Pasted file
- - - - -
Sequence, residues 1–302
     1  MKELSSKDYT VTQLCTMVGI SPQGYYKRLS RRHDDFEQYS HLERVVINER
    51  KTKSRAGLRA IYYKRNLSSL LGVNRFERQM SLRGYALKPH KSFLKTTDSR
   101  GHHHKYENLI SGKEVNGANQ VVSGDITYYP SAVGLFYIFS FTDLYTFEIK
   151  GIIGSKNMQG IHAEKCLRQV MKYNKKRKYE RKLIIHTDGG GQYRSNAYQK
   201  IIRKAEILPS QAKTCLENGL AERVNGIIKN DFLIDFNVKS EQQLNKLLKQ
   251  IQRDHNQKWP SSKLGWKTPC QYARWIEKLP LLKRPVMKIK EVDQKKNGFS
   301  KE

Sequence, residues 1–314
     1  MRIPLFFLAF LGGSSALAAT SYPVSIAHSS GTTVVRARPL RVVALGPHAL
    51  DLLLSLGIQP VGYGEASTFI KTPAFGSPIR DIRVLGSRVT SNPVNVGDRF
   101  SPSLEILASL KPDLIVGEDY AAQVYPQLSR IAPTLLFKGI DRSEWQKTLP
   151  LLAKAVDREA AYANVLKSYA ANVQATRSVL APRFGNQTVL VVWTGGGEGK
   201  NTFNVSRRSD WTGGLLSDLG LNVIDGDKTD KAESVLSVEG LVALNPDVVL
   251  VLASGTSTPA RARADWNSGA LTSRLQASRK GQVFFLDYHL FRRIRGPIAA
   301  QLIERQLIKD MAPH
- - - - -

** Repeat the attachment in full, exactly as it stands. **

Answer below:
Sequence, residues 1–302
     1  MKELSSKDYT VTQLCTMVGI SPQGYYKRLS RRHDDFEQYS HLERVVINER
    51  KTKSRAGLRA IYYKRNLSSL LGVNRFERQM SLRGYALKPH KSFLKTTDSR
   101  GHHHKYENLI SGKEVNGANQ VVSGDITYYP SAVGLFYIFS FTDLYTFEIK
   151  GIIGSKNMQG IHAEKCLRQV MKYNKKRKYE RKLIIHTDGG GQYRSNAYQK
   201  IIRKAEILPS QAKTCLENGL AERVNGIIKN DFLIDFNVKS EQQLNKLLKQ
   251  IQRDHNQKWP SSKLGWKTPC QYARWIEKLP LLKRPVMKIK EVDQKKNGFS
   301  KE

Sequence, residues 1–314
     1  MRIPLFFLAF LGGSSALAAT SYPVSIAHSS GTTVVRARPL RVVALGPHAL
    51  DLLLSLGIQP VGYGEASTFI KTPAFGSPIR DIRVLGSRVT SNPVNVGDRF
   101  SPSLEILASL KPDLIVGEDY AAQVYPQLSR IAPTLLFKGI DRSEWQKTLP
   151  LLAKAVDREA AYANVLKSYA ANVQATRSVL APRFGNQTVL VVWTGGGEGK
   201  NTFNVSRRSD WTGGLLSDLG LNVIDGDKTD KAESVLSVEG LVALNPDVVL
   251  VLASGTSTPA RARADWNSGA LTSRLQASRK GQVFFLDYHL FRRIRGPIAA
   301  QLIERQLIKD MAPH